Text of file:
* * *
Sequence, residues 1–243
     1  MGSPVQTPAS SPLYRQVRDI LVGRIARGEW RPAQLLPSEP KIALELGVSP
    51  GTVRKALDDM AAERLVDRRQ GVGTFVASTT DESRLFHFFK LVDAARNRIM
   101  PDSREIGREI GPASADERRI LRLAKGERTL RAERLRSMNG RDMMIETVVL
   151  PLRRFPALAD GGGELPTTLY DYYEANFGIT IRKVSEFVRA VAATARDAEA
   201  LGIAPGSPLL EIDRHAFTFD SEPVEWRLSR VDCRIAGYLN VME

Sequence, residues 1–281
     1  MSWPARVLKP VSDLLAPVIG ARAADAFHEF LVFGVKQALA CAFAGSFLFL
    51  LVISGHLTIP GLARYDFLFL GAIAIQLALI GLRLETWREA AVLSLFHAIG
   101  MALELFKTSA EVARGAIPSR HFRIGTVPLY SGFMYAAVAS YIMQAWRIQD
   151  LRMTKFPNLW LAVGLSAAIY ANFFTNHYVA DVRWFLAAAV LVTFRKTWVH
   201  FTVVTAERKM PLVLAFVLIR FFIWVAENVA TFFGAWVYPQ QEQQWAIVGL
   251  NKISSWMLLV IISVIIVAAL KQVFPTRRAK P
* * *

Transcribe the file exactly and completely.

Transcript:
Sequence, residues 1–243
     1  MGSPVQTPAS SPLYRQVRDI LVGRIARGEW RPAQLLPSEP KIALELGVSP
    51  GTVRKALDDM AAERLVDRRQ GVGTFVASTT DESRLFHFFK LVDAARNRIM
   101  PDSREIGREI GPASADERRI LRLAKGERTL RAERLRSMNG RDMMIETVVL
   151  PLRRFPALAD GGGELPTTLY DYYEANFGIT IRKVSEFVRA VAATARDAEA
   201  LGIAPGSPLL EIDRHAFTFD SEPVEWRLSR VDCRIAGYLN VME

Sequence, residues 1–281
     1  MSWPARVLKP VSDLLAPVIG ARAADAFHEF LVFGVKQALA CAFAGSFLFL
    51  LVISGHLTIP GLARYDFLFL GAIAIQLALI GLRLETWREA AVLSLFHAIG
   101  MALELFKTSA EVARGAIPSR HFRIGTVPLY SGFMYAAVAS YIMQAWRIQD
   151  LRMTKFPNLW LAVGLSAAIY ANFFTNHYVA DVRWFLAAAV LVTFRKTWVH
   201  FTVVTAERKM PLVLAFVLIR FFIWVAENVA TFFGAWVYPQ QEQQWAIVGL
   251  NKISSWMLLV IISVIIVAAL KQVFPTRRAK P